When his boss asked about his plans for after work tonight, the guy I invited to come to see Louis C.K. with me panicked and gave a vague answer about “going for drinks.” Even as a journalist’s plus-one, it’s not a great look to be at a comeback gig for one of the most high-profile men to fall from grace as a result of allegations of sexual misconduct.
Not that we were likely to run into anybody. The OVO Arena Wembley is some way out of the city center in a quite vibeless corner of North West London: new build flats, chain restaurants, and the enormous Wembley football stadium. This is where C.K. has decided to do one of two shows in London, his first big gigs in the city since multiple women came forward a month after the dawn of the #MeToo movement, detailing their experiences being coerced into situations where the comedian would masturbate in front of them.
So who’s going to a Louis C.K. gig in 2022? Not all that many people, is the answer, or certainly nothing like the numbers he could command in his heyday. This is a man who sold out Madison Square Garden eight times. The OVO Arena was not full, even though the upper levels of raked seating had been curtained off. C.K did sell out a 4,000-capacity venue elsewhere in the city the night before, though, where he apparently announced himself from a mic backstage as “the disgraced, the disgusting Louis C.K.” So there is at least some appetite for his comeback. Tonight, there was no such introduction, and he doesn’t need one. I would be flabbergasted if there was anyone in the room who was not aware of how Louis CK’s reputation has tanked over the past five years. And the crowd were a very mixed bunch. I expected edgelords, overtly right-leaning people. There were some of those types, sure, but otherwise there was nothing to unite the people in the arena, really. Just a bunch of people at a comedy show.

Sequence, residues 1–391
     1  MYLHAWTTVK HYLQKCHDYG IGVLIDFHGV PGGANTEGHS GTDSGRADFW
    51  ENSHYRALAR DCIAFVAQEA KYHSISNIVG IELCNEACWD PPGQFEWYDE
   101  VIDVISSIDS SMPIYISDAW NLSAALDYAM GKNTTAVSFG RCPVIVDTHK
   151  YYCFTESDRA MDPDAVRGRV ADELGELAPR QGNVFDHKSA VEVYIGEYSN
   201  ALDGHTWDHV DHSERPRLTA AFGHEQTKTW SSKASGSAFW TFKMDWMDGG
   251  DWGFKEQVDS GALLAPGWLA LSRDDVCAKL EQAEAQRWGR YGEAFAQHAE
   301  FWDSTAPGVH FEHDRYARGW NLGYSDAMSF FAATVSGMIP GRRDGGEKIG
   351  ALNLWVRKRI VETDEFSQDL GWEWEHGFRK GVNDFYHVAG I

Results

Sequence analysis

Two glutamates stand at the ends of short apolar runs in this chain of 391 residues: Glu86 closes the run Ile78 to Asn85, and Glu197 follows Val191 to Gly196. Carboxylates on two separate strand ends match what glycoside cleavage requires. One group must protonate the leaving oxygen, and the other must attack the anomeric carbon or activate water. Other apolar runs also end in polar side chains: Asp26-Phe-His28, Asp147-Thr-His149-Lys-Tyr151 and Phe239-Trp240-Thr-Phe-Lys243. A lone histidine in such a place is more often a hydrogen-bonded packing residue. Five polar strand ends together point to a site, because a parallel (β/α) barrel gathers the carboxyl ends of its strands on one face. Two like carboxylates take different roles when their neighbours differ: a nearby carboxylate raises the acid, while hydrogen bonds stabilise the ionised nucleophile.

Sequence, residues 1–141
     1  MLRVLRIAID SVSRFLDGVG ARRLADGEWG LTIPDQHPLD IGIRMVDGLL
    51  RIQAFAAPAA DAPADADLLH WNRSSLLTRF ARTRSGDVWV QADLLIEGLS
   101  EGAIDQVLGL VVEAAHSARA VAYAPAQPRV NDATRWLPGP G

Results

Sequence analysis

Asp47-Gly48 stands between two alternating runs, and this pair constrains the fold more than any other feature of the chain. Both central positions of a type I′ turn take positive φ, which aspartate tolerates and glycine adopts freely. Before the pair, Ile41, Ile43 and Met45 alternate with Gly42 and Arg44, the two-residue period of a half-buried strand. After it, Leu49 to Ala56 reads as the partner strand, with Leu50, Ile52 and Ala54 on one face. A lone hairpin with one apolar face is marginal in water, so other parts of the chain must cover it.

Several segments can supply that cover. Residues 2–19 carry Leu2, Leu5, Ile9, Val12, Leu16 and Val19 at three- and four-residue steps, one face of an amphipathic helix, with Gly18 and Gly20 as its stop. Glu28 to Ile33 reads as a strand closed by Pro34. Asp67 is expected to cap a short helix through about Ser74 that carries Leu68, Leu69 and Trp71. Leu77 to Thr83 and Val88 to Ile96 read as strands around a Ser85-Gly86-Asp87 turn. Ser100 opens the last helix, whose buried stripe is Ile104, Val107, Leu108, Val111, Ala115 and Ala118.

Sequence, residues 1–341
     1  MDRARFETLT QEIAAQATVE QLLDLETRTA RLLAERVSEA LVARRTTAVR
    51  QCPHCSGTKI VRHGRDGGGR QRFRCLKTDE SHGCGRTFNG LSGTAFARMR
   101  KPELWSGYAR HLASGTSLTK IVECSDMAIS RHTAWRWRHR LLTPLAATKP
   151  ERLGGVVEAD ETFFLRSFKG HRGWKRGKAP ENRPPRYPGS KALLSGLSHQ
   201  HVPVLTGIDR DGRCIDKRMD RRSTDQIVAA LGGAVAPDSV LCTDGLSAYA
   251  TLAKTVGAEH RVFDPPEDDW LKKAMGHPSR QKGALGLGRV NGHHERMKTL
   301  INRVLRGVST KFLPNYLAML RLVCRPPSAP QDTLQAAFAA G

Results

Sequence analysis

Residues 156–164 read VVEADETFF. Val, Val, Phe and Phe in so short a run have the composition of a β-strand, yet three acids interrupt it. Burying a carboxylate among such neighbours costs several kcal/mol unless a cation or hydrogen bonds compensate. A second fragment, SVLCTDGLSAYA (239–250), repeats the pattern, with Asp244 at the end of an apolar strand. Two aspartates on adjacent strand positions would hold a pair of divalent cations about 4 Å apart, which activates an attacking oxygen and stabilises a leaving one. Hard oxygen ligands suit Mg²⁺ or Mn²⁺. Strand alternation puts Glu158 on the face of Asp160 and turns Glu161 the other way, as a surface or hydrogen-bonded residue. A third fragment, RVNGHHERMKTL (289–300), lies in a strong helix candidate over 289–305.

We were told we weren’t allowed to use phones, not only for photographs but for any reason, including text messages. This has become de rigueur for the post-cancellation comedy circuit, and when C.K. has been playing smaller gigs in the run up to these big shows, the policy has been the same, a “fuck you” to the online outrage machine that would pore over clips of his off-color jokes with new intensity now he’s been exposed as a wrong’un.
As he came out, one kind of unassuming looking guy—it’s always those guys—yelled “we love you, pervert!” C.K. seemed surprisingly ill-equipped to respond to this, smiling a little and saying “whoa, whoa” in a “calm down” kind of way.
This is not the first time people have seen C.K. since the 2017 revelations, by any means. In 2020 he self-released a stand-up special called Sincerely, in which he showed some remorse, but not a lot, for what he did. This was followed last December by another special, Sorry, in which he did not mention the scandal at all except by standing in front of giant letters reading “SORRY” for the duration of the set.